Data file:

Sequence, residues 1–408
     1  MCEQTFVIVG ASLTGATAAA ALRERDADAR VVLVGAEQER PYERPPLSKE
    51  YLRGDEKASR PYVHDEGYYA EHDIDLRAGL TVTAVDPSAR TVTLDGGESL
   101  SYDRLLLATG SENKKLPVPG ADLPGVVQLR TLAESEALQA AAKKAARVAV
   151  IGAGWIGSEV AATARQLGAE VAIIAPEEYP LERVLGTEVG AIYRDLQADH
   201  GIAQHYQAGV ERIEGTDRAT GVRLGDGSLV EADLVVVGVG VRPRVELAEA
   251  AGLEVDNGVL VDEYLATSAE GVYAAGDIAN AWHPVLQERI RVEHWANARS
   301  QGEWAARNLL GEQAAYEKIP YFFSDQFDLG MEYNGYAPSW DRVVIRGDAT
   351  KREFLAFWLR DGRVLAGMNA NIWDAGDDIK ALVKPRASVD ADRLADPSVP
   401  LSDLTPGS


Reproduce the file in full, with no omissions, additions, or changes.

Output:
Sequence, residues 1–408
     1  MCEQTFVIVG ASLTGATAAA ALRERDADAR VVLVGAEQER PYERPPLSKE
    51  YLRGDEKASR PYVHDEGYYA EHDIDLRAGL TVTAVDPSAR TVTLDGGESL
   101  SYDRLLLATG SENKKLPVPG ADLPGVVQLR TLAESEALQA AAKKAARVAV
   151  IGAGWIGSEV AATARQLGAE VAIIAPEEYP LERVLGTEVG AIYRDLQADH
   201  GIAQHYQAGV ERIEGTDRAT GVRLGDGSLV EADLVVVGVG VRPRVELAEA
   251  AGLEVDNGVL VDEYLATSAE GVYAAGDIAN AWHPVLQERI RVEHWANARS
   301  QGEWAARNLL GEQAAYEKIP YFFSDQFDLG MEYNGYAPSW DRVVIRGDAT
   351  KREFLAFWLR DGRVLAGMNA NIWDAGDDIK ALVKPRASVD ADRLADPSVP
   401  LSDLTPGS